Hill and Bill

by admin on January 21, 2007 · 0 comments

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Random weekend announcement about something the entire world new would happen: Hillary Clinton is running for President in 2008.

From Hot Air:

Is Hillary the best we can hope for among the Democratic nominees? Obama talks bipartisanship but votes a deep, rich blue. Edwards is running on a platform of class warfare. Of Gore let us say no more. Who’s left? Unless Mark Warner jumps in and figures out a way to beat all of them by running to their right, Hillary’s probably the most “conservative” (i.e., nominally hawkish) candidate in the pack. Terrifying.

From Mark Steyn:

I would wager that by 2008 the consultants will be advising that words like “jihad” test badly with the focus groups. Democrats and increasing numbers of Republicans will attempt to paint the war as a kind of geopolitical Monica – an issue that goes away when the incumbent does. When everyone’s talking about “guaranteeing health care”, “leading the fight against global warming”, “strengthening our middle class and ending the shame of poverty” (John Edwards’ “priorities”, though I’ll bet Hill and Obama will also be willing to take such bold stands in their “national conversations”), when everyone’s cruising on autoplatitude, a guy who’s obsessed with “staring down jihadists” will sound as nutty as a fellow trying to win American Idol by doing the Mad Scene from Lucia di Lammermoor.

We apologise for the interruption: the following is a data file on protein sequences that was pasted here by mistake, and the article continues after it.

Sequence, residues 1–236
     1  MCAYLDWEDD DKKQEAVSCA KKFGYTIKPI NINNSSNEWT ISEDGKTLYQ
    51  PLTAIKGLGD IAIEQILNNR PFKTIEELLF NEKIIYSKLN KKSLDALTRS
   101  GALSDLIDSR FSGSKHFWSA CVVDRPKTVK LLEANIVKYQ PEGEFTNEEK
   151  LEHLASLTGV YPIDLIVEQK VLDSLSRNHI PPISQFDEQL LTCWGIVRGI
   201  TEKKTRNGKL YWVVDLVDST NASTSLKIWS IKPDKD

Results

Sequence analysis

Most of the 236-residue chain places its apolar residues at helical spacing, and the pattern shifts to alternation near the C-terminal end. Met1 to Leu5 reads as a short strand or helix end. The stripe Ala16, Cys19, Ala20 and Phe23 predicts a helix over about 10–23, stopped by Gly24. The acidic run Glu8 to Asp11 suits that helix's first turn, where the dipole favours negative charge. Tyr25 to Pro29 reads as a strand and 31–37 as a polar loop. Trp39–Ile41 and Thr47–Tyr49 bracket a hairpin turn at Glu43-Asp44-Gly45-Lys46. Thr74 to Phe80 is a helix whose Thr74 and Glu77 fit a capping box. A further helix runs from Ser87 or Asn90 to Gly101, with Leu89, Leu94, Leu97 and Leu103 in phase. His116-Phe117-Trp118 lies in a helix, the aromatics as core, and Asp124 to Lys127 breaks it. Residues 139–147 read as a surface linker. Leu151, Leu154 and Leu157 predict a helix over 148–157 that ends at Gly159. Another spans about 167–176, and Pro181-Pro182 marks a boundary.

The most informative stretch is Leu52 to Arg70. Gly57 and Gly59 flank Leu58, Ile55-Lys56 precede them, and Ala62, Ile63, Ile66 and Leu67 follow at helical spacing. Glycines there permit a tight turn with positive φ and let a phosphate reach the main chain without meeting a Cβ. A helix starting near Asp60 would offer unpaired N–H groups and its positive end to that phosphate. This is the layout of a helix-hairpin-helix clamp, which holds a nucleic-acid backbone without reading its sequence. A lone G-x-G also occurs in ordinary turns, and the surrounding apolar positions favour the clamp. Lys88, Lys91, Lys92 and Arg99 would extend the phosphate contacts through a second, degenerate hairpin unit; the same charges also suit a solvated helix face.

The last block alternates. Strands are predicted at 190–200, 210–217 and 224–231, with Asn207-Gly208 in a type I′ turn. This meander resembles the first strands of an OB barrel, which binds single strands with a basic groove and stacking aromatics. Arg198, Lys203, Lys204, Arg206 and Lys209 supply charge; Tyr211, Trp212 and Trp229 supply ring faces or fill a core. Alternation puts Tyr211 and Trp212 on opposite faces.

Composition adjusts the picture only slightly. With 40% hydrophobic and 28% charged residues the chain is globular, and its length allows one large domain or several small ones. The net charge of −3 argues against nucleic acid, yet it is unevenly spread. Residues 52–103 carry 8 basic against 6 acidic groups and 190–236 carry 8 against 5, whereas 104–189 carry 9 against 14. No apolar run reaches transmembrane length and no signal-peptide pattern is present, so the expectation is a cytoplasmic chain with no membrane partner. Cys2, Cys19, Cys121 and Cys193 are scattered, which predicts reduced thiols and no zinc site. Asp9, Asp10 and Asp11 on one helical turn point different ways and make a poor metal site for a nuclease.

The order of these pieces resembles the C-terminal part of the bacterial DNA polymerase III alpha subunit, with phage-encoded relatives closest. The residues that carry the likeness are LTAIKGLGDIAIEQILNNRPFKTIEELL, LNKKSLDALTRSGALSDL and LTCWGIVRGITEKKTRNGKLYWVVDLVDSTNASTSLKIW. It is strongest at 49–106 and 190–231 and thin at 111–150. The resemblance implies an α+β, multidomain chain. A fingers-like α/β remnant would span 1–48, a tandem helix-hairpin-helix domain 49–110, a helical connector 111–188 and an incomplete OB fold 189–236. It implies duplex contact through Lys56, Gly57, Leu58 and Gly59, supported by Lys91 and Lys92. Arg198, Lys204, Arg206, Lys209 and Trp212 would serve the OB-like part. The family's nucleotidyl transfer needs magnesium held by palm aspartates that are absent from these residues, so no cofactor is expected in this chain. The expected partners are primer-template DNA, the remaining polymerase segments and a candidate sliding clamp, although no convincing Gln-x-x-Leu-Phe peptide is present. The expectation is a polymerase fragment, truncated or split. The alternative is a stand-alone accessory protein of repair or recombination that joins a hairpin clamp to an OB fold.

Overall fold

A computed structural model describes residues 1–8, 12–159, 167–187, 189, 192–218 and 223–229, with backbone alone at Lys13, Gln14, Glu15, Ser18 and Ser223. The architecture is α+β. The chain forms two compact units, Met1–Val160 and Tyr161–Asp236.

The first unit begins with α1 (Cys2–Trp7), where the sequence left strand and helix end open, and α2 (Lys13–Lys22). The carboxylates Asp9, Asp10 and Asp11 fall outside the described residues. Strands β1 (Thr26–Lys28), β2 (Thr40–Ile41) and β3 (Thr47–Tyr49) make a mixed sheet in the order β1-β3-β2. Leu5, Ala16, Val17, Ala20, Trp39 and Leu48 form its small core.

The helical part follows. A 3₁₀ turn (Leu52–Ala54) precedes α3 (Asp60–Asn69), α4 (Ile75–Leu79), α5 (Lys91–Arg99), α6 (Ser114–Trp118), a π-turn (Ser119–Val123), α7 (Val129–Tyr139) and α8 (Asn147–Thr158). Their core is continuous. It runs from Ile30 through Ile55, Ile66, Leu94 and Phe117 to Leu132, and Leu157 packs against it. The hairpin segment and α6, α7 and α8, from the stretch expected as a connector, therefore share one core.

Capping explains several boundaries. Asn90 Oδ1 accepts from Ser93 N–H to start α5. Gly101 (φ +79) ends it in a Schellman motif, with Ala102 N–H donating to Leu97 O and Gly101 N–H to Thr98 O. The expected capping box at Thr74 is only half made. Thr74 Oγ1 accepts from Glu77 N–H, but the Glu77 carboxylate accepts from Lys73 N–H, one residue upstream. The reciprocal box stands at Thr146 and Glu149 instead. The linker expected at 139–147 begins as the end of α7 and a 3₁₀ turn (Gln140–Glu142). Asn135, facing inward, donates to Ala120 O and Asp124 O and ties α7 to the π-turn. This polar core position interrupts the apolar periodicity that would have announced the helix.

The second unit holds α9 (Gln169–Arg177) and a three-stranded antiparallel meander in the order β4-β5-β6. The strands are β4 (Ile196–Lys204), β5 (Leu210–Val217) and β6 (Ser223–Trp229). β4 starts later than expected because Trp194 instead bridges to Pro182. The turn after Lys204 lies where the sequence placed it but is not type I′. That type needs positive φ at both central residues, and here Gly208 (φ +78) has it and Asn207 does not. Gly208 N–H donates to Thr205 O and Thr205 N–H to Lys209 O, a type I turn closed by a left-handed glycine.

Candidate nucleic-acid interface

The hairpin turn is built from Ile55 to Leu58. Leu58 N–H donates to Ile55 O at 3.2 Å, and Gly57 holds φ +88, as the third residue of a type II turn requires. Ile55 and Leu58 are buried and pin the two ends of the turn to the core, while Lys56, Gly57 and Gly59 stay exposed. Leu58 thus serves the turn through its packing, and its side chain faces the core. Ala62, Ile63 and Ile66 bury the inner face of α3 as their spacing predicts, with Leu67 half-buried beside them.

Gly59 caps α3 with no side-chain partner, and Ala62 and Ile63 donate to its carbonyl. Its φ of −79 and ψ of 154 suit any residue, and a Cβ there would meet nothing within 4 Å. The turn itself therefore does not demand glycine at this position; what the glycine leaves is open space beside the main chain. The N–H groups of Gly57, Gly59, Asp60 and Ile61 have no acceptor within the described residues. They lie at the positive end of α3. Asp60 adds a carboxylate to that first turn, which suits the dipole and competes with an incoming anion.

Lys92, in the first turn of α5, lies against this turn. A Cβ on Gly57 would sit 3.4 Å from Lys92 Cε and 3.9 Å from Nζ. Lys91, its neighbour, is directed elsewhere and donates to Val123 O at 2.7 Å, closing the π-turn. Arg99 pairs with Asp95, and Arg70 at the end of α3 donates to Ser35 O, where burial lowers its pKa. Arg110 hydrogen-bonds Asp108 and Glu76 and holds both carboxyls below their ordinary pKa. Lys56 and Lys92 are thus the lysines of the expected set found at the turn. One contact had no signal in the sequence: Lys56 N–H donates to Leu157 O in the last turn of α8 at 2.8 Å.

From NRO:

[...] in 2008 are Americans going to be looking for a president who wants to have tea in their living rooms or someone who they know can stare down jihadists?

From Caroll Platt Liebau:

[...] is America ready to see Bill Clinton once again roaming the halls of The Whit House — this time, with time on his hands?

If you’ve been to Hillary’s site you’ll notice her campaign logo is “Hillary for President”. Obvious omission there, right? Are we supposed to forget who her hubby is? Interesting point made by Time:

One of the most interesting things will be watching how her campaign deals with a former President in the role of campaign spouse. If he stands next to her on stage, he overpowers her. If he campaigns alone on her behalf — the traditional “surrogate” role in which many spouses are most effective — it will likely appear that he is running for what is essentially his own third term. And if he stays out of sight? Voters start wondering again just what exactly is the deal with their marriage.

I hope you’re ready for all Hillary, all the time.

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